Taking these possibilities into account, we suggest functionally annotated SSR-containing unigenes (Table S1) to be the best microsatellite candidates for L. fortunei, because of the unlikelihood of annotating a random sequence error.

3.2. The role of HSP70 in acclimation robustness

Limnoperna fortunei is notorious for its ability to tolerate a wide range of abiotic parameters such as water temperature (8–39°C) and salinity (up to 12 ppm) [8]. The same physiological robustness was described by Zhang et al. (2012) [12] in the pacific oyster C. gigas that they related to a high copy number of some important stress genes. In particular, the heat shock protein HSP70 was represented by 88 copies in the genome, a surprisingly high number when compared to 39 copies in sea urchins and 17 copies in humans.

Zhang et al. (2012) [12] published the only complete genome for bivalves so far. Because of the completeness of their approach it is relevant for a better understanding of L. fortunei’s biology.

In the phylogenetic tree for mollusca described by Zhang et al (2012–Supporting Information), most of the C. gigas HSP70 sequences are grouped in a separate expansion. According to the authors, this expansion suggests an adaptation to the stress of bivalve life history and in fact they found that the expression of all hsp70 increased at least 15-fold when oysters were exposed to air, high/low temperature or heavy metals. The expression of five of these genes (CGI10002823, CGI10003417, CGI10010647, CGI10002594, CGI10010646) increased 2,000 fold after exposure to air and high temperatures. With three of these HSP70 present inside the new gene expansion [12] its importance for the acclimatization to harsh environments seems very likely.

The resulting maximum likelihood tree resembles the one built by Zang et al ([12] in Supplementary Information). Some of the nodes do not have bootstrap support, which is a common problem when constructing phylogenetic trees of large gene families. Also, we have only partial sequences for a number of L. fortunei hsp70. The two unigenes of L. fortunei clustered within the C. gigas expansion (Results 2.6) suggest that this hsp70 expansion is present in the Golden Mussel as well. Other unigenes of L. fortunei are dispersed throughout the phylogenetic tree.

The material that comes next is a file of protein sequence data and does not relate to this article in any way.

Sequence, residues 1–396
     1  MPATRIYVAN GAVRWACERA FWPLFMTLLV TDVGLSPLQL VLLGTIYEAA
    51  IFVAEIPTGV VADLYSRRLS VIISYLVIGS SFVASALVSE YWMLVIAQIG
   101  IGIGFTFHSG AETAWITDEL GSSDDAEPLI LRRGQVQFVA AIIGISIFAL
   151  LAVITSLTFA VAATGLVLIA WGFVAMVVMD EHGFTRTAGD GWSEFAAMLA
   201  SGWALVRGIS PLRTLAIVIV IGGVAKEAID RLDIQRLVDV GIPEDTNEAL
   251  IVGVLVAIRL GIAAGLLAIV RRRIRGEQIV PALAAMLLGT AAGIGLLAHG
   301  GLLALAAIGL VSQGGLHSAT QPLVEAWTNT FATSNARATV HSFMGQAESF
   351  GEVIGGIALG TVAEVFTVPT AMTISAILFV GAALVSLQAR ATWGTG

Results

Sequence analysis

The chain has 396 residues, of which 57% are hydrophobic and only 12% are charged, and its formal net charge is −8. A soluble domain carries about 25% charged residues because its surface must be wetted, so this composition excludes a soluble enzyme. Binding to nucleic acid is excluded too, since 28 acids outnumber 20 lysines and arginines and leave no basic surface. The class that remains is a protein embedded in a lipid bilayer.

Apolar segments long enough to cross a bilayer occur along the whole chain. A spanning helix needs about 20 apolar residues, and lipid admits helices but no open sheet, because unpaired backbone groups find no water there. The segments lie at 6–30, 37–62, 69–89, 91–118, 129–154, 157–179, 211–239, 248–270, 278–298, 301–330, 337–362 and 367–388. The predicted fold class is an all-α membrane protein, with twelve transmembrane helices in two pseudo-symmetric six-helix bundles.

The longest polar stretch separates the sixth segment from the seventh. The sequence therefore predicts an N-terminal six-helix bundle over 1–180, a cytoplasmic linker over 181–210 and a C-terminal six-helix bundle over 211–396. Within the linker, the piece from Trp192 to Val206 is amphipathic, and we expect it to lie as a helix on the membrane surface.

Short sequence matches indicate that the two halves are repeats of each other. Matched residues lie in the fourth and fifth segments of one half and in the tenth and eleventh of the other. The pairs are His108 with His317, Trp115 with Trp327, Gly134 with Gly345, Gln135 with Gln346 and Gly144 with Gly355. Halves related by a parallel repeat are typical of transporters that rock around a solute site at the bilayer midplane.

Under the assumption that the presence of the hsp70 gene expansion and the strong expression of its genes is the key to homeostasis maintenance of C. gigas under heavy stress conditions of estuarine environments, we might speculate that a similar hsp70 gene expansion provides L. fortunei the ability to invade and become established in new, challenging environments. In fact, the importance of HSP chaperones in invasiveness was also proposed for the recent introduction and establishment of Mytilus gallopronvincialis over Mytilus trossulus in North America [37]. Comparative transcriptomics [38] and proteomics [39] showed dramatically higher expression levels of the small heat-shock protein HSP24 in M. galloprovincialis compared to M. trossulus under heat stress. Evans and Hofmann [37] even suggest that the characterization of HSP gene expression pattern may help to predict a species invasive success [37].

3.3. Gene discovery for invasion control

As invasiveness potential and acclimation robustness seem to be related to phenotypic plasticity, the detection of key gene sequences could be the first step towards reliable predictive models to help control and fight invasive species.

At least three important properties of L. fortunei can be directly linked to gene-environment relationships when considering its invasion history in South America: (1) the adhesion potential of the Golden Mussel byssus that allows hitchhiking on the hulls of boats and other surfaces, (2) an unusual (for invertebrates) immunity to disease even under extremely high population densities, and (3) high tolerance/resistance to chemical control in industrial plants and facilities.

We identified two byssus proteins, Mepf1 and Mepf2 that are part of the plaque that confers high adhesion capability to solid surfaces (Table S4). The byssal plaque has strong cross-links between neighboring proteins, with a high content of DOPA, a modified amino acid, and metal atoms, ensuring consistent adhesion even in the presence of water [52]. These properties make byssus filaments about 6 times more resistant to tension than human tendons [36]. Further studies of such sequences may lead to the development of new methods to control L. fortunei by preventing or weakening byssus adhesion to surfaces.